Traditional Is the New Progressive

Paul A. Kirschner

I just read Robert Peal‘s book Progressively Worse: The Burden of Bad Ideas in British Schools. In the book he describes the rise of progressive education[1] in the UK and its effects on educational quality, student performance and student behaviour. All I can say is that since the introduction of ‘progressive education’ in the 1960s, the UK hasn’t improved on any of these three fronts.

When it comes to progressive education, it’s usually John Dewey’s school and his books from 1899 (The School and Society) and 1902 (The Child and the Curriculum) that are cited (along with the likes of Rousseau, Pestalozzi and Fröebel). Peal describes Dewey’s child-centred view of the learning process:

In these, he outlined a broadly child-centred view of ‘the learning process’. He claimed that a child’s learning ‘must be assimilated, not as items of information, but as organic parts of his present needs and aims’, and opposed the didactic teacher[2], adding: ‘In the last analysis, all the educator can do is modify stimuli.’ His experimental schools aimed to teach literacy and numeracy indirectly, through engaging young pupils in activities such as cookery or carpentry. Later in life, Dewey renounced many of these earlier beliefs in Education and Experience (1938), and admitted that he had underestimated the need for direct teacher instruction

Peal goes on to quote William Bagley, a professor of education at Columbia University Teachers College, who in a 1934 lecture beautifully described the emotional appeal of progressivism:

If you wish to be applauded at an educational convention, vociferate sentimental platitudes about the sacred rights of the child, specifying particularly his right to happiness gained though freedom. You are likely to get an extra ‘hand’ if you shed a few verbal tears over the cruelty of examinations and homework, while if with eloquent condemnation you deftly bring into every other sentence one of the favourite stereotypes of abuse, such as Latin, mathematics (geometry, especially), grammar, the traditional curriculum, compartmentalization, “chunks of the subject matter” to be memorised, discipline, formal discipline, and the like, you may be fairly certain of an ovation.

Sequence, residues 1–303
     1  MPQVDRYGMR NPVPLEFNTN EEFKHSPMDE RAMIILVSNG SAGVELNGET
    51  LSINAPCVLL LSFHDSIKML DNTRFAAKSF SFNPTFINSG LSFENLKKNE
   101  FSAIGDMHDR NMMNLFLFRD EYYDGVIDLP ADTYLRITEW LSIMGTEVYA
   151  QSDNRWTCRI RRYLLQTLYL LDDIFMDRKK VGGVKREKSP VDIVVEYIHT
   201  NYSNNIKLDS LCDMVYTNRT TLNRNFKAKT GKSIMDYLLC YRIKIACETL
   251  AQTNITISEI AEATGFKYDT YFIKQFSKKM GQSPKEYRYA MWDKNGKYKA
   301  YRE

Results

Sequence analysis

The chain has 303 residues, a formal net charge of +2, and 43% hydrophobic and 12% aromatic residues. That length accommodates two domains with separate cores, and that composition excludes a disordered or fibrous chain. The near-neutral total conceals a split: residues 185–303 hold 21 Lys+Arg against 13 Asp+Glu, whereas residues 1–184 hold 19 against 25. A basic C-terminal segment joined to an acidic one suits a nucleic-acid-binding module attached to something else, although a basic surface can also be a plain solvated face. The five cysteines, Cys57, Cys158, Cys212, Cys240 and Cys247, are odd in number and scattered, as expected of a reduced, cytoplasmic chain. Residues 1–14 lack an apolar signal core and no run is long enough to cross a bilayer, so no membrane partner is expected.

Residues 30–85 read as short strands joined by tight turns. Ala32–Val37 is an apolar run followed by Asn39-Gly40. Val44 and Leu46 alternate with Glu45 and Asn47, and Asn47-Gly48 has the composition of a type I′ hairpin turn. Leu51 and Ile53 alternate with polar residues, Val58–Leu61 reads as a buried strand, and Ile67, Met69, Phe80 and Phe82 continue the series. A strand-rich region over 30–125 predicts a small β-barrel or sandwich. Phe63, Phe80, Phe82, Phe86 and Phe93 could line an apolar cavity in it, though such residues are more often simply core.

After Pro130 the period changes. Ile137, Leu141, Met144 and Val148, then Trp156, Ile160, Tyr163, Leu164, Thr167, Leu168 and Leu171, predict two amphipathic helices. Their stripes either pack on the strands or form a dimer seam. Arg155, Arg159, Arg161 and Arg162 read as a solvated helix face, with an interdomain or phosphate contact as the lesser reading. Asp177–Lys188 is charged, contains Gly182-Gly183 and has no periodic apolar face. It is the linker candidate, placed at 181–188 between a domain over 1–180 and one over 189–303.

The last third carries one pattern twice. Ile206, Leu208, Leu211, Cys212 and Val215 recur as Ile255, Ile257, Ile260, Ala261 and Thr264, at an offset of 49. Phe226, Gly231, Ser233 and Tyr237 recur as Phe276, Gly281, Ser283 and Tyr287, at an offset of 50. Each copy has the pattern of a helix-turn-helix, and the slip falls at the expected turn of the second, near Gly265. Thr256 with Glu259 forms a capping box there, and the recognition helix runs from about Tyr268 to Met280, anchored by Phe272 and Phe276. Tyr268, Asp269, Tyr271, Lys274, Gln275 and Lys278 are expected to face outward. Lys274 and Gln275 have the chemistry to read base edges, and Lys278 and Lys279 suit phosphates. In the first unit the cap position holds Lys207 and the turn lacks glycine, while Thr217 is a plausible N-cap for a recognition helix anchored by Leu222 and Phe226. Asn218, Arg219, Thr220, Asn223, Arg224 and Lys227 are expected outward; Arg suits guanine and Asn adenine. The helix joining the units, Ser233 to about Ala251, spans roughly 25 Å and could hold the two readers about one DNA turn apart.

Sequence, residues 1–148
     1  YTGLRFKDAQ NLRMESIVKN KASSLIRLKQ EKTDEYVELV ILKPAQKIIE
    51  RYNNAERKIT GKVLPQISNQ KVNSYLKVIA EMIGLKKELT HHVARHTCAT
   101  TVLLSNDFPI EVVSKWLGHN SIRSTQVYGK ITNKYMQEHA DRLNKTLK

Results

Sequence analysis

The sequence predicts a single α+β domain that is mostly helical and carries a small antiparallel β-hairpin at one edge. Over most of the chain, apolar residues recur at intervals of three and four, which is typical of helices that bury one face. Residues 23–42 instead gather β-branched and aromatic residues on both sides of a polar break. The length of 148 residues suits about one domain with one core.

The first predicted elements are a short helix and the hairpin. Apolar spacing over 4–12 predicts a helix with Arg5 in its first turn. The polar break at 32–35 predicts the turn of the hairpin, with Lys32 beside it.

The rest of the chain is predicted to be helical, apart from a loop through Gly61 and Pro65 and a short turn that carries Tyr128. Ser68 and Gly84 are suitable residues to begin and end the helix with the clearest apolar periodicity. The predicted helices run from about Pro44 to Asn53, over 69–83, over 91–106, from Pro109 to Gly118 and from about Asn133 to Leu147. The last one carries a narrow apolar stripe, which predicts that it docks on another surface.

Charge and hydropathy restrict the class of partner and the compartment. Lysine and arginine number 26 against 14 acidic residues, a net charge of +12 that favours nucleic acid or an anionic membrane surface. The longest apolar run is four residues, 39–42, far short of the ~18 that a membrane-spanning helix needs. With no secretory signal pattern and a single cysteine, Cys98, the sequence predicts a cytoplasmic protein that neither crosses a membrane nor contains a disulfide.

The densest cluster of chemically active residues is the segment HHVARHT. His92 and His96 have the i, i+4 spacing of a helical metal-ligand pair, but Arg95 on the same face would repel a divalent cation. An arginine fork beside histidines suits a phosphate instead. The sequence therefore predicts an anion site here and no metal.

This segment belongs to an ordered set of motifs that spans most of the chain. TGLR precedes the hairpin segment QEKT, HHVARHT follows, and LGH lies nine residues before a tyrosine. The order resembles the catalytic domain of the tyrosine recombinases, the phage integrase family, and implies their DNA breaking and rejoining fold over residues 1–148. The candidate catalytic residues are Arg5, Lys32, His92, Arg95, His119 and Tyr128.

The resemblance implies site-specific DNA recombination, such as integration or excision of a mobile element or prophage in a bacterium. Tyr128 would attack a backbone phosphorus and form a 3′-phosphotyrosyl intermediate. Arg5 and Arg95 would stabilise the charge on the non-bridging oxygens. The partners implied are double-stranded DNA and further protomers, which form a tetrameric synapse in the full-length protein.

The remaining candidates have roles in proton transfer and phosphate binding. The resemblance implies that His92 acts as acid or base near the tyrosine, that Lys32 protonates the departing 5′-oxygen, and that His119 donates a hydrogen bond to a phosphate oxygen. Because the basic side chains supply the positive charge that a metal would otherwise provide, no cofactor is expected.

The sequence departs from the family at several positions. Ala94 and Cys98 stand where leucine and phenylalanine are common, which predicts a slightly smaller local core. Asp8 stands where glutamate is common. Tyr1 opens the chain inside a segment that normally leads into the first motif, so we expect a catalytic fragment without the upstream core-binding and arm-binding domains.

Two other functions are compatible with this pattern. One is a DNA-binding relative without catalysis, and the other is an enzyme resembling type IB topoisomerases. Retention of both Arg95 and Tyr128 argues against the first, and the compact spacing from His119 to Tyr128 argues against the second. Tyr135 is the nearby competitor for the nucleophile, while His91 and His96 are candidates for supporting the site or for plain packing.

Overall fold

Peal then describes – in detail – how progressivism became increasingly firmly anchored from 1960 onwards in education policy, schools, teachers, teacher training courses, education trade unions, politics (and legislation), the educational science faculties of the universities, and it even became a part of the education press (e.g., TES: Times Educational Supplement) in the UK[3].

In other words, progressive education slowly but surely becomes the norm with ‘new’ progressive education innovations stacked on top of older ones. And what was the result? A continuous deterioration in pupil performance (i.e., learning) accompanied by an increase in order problems in the classroom (with excesses such as verbal and physical violence between pupils and against teachers). Interestingly, teachers were blamed for these failures. It was the teacher who didn’t properly implement progressive education. It was the teacher who didn’t motivate the children properly. Another often used scapegoat was the environment because “what could you expect from children of low socioeconomic classes? [4]“. This last aspect is what Peal calls “the soft bigotry of low expectations.”

While reading the book, I couldn’t help but spotting similarities between what has happened in the UK and what has happened in the Netherlands and other developed countries like the United States and Australia. In the Netherlands we’ve also seen a series of educational innovations since the second half of the last century, primarily based on a progressive, child-centred, knowledge-disavowal, anti-authoritarian line. These innovations can be found in:

  • teaching methods (e.g., realistic math, holistic reading);
  • curricula (aimed at acquiring social attitudes and vague 21st century skills instead of acquiring knowledge followed by skills);
  • role, function, and tasks of the teacher. The trend has moved from a teacher with deep knowledge and skills who teaches children to a guide, motivator, stimulator, facilitator, and so on;
  • teacher training courses and teacher training colleges where educational myths and philosophies are taught instead of research-informed strategies and techniques about how children learn and how education can be targeted; and finally
  • the transfer of power, tasks and money to what Peal calls ‘quangos’; organisations that perform public services or legal tasks, (partly) financed with public funds, but that don’t come (directly) under the government and enjoy a certain degree of independence. In the UK, examples are Qualifications and Curriculum Authority (QCA) or thew National College for School Leadership, in the Netherlands, think of SLO and Kennisnet.